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Poverty, isolation push Japan’s child abuse cases to record high

Kyodo

Child welfare authorities dealt with nearly 90,000 child abuse cases in the fiscal year ending March, a government survey showed Thursday, with experts blaming the record-high figure on increased poverty and the isolation of some families.

Logging the largest-ever increase of 20.5 percent from the previous year’s 73,000, the preliminary survey by the health ministry showed the number of cases handled by 207 child consultation centers across the country in fiscal 2014 reached 88,931, up for the 24th consecutive year since the survey started in 1990.

The Ministry of Health, Labor and Welfare attributed the rise to the widened scope of circumstances that can be reported as abuse following an August 2013 notice that instructed the centers to deal with siblings of abused children as they may also be suffering from psychological abuse.

The number of cases reported by police to the centers in which children witnessed abuse of a parent or other family member has also increased, it said.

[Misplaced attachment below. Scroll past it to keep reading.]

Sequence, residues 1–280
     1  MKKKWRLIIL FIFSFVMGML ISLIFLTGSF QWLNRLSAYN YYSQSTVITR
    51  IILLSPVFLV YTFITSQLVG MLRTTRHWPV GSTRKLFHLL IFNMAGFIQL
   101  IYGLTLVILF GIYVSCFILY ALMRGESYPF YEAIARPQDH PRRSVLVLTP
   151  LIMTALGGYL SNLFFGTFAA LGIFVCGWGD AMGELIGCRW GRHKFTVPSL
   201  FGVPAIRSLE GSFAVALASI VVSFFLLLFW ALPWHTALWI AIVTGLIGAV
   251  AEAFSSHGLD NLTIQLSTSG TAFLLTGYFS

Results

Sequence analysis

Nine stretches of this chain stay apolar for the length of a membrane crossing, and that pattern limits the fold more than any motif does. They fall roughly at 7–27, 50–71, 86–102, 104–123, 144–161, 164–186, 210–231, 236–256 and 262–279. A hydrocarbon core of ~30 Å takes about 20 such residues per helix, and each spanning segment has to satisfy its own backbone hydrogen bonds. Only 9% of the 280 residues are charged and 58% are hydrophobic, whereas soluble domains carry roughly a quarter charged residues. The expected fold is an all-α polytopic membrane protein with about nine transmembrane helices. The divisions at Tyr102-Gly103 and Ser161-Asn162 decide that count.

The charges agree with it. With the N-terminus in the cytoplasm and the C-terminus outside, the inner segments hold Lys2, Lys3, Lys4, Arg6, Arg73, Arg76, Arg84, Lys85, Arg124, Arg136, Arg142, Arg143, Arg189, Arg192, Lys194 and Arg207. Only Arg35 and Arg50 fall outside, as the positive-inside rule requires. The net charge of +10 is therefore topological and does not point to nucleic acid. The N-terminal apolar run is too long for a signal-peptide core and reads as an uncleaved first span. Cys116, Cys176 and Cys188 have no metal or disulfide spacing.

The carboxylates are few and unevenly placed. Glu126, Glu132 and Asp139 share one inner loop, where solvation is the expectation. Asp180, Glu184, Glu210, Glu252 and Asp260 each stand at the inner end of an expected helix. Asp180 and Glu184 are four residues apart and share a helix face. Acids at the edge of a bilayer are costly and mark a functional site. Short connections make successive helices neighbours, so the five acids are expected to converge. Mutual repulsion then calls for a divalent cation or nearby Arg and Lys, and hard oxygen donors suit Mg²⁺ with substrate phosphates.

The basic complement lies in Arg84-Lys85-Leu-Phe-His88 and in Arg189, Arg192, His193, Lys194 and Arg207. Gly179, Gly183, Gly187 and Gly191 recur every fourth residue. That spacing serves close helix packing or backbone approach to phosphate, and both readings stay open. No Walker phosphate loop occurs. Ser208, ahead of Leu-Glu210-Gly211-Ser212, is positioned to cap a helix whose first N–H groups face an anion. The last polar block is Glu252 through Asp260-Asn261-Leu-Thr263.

Experts gave a grim outlook, with Tetsuro Tsuzaki, head of the Association for the Prevention of Child Abuse & Neglect, saying the number of abuse cases was “likely to continue increasing.”

“We are seeing an environment in which abuse is more likely to occur,” he said, referring to factors such as an increase in step families, financially distressed families and those in isolated areas.

The latest survey also showed 36 children died due to abuse in fiscal 2013, compared with 51 the year before, with mothers found responsible for the death of 16 children, fathers eight and both parents five.

A total of 21 children died after being physically abused, while nine had been neglected. The cause of death for the remaining six was unclear, the report said.

Of the children, 24 were aged 2 or younger, and in many cases the mothers were reluctant to receive prenatal care or became pregnant unintentionally and had problems raising children. About 80 percent of the mothers had limited or almost no contact with local communities, it showed.